General: Iraq asks U.S. for air support to stop rebels
Baghdad said it wanted U.S. air strikes as the insurgents, led by fighters from the Islamic State of Iraq and the Levant (ISIL), battled their way into the biggest oil refinery in Iraq and the president of neighboring Iran raised the prospect of intervening in a sectarian war that threatens to sweep across Middle East frontiers.
Some international oil companies have pulled out foreign workers. The head of Iraq’s southern oil company, Dhiya Jaffar, said Exxon Mobil had conducted a major evacuation and BP had pulled out 20 percent of its staff. He criticized the moves, as the areas where oil is produced for export are mainly in the Shi’ite south and far from the fighting.
But so far Maliki’s government has relied almost entirely on his fellow Shi’ites for support, with officials denouncing Sunni political leaders as traitors. Shi’ite militia - many believed to be funded and backed by Iran - have mobilized to halt the Sunni advance, as Baghdad’s million-strong army, built by the United States at a cost of $25 billion, crumbles.
Iranian President Hassan Rouhani made the clearest declaration yet that the Middle East’s main Shi’ite power, which fought a war against Iraq that killed a million people in the 1980s, was prepared to intervene to protect Iraq’s great shrines of Shi’ite imams, visited by millions of pilgrims each year.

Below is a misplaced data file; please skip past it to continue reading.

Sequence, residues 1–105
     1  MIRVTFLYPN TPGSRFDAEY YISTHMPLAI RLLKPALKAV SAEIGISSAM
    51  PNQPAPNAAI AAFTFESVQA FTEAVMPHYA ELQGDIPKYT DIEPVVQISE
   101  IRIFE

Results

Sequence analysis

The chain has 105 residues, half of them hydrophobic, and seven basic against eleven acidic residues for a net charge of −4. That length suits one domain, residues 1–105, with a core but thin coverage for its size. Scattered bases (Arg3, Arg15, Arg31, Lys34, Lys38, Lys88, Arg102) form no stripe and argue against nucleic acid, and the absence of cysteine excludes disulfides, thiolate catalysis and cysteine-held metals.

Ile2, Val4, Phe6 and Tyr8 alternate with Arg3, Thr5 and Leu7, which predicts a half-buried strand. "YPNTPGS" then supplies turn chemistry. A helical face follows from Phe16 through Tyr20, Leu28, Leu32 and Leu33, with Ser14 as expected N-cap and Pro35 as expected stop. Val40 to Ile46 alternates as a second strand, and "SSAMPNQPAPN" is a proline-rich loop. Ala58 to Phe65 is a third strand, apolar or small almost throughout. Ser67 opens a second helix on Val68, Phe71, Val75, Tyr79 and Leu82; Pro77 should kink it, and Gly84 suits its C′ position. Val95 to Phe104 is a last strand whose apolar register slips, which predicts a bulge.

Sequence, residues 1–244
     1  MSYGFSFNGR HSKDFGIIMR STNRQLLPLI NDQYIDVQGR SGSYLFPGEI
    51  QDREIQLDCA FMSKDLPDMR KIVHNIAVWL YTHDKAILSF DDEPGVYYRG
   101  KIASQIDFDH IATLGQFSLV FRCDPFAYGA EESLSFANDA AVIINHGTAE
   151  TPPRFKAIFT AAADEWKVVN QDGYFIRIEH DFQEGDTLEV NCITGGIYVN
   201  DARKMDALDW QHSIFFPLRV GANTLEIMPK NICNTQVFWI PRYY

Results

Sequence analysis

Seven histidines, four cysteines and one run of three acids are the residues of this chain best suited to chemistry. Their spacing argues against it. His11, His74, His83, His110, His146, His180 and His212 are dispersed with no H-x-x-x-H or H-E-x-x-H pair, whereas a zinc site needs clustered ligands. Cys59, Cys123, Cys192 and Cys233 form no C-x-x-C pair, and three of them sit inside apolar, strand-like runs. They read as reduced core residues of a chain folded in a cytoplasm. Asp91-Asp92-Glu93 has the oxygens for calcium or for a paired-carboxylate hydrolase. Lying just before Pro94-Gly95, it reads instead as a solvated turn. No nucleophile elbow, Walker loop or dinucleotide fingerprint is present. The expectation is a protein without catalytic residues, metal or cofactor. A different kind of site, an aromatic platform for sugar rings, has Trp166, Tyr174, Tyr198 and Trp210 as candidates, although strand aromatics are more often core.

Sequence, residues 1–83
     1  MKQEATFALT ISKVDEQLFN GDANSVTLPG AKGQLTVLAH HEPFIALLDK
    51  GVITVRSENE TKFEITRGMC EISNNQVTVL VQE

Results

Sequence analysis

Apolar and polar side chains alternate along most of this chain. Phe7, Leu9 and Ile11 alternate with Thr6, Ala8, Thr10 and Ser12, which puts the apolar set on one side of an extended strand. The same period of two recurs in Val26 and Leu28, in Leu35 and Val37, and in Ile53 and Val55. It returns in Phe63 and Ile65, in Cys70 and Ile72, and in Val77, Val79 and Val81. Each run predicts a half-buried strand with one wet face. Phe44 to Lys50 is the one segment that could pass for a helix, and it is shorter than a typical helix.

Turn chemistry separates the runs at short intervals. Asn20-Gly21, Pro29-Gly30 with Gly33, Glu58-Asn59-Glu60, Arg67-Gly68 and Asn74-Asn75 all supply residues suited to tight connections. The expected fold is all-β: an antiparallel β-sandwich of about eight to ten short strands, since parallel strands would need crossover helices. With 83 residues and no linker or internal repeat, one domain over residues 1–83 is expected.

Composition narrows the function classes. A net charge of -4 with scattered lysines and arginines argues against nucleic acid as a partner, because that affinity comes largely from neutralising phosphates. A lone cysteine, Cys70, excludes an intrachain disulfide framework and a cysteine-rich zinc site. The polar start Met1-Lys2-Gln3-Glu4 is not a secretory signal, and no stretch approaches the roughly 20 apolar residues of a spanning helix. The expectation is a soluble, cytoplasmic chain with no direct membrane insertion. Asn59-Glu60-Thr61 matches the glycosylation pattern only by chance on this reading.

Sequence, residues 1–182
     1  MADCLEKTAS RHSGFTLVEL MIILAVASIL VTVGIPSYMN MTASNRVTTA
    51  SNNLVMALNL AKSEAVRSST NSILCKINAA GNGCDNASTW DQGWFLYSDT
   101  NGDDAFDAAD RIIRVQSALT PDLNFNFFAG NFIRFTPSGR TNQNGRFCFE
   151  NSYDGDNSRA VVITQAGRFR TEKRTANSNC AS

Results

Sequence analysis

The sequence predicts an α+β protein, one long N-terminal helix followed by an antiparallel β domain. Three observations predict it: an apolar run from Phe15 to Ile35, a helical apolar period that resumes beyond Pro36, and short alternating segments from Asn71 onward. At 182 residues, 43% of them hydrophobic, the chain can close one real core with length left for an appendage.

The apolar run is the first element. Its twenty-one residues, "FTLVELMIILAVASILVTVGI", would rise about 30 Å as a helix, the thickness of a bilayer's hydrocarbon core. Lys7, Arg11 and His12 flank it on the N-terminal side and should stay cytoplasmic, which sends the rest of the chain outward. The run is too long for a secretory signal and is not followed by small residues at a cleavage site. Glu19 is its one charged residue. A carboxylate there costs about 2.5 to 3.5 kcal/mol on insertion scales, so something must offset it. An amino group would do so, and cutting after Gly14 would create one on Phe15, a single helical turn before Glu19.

The United Arab Emirates, a Saudi ally, recalled its ambassador from Baghdad and criticized what it called the sectarian policies of the Iraqi government.
“The militants have managed to break into the refinery. Now they are in control of the production units, administration building and four watch towers. This is 75 percent of the refinery,” an official speaking from inside the refinery said.
Last week’s sudden advance by ISIL - a group that declares all Shi’ites to be heretics deserving death and has proudly distributed footage of its fighters gunning down prisoners lying prone in mass graves - is a test for U.S. President Barack Obama, who pulled U.S. troops out of Iraq in 2011.
Reid and three other congressional leaders - Senate Republican leader Mitch McConnell, House of Representatives Speaker John Boehner and House Democratic Leader Nancy Pelosi - are meeting Obama later on Wednesday.
British Prime Minister David Cameron told parliament he disagreed “with those people who think this is nothing to do with us and if they want to have some sort of extreme Islamist regime in the middle of Iraq it won’t affect us. It will.
In a rerun of previous failed efforts at bridging sectarian and ethnic divisions, Shi’ite, Sunni and Kurdish leaders met late on Tuesday behind closed doors. They later stood frostily before cameras as Ibrahim al-Jaafari, a Shi’ite politician who held the post of prime minister before Maliki, read a statement.
According to one Shi’ite Islamist working in the government, well-trained organizations Asaib Ahl Haq, Khataeb Hezbollah and the Badr Organization are now being deployed alongside Iraqi military units as the main combat force.
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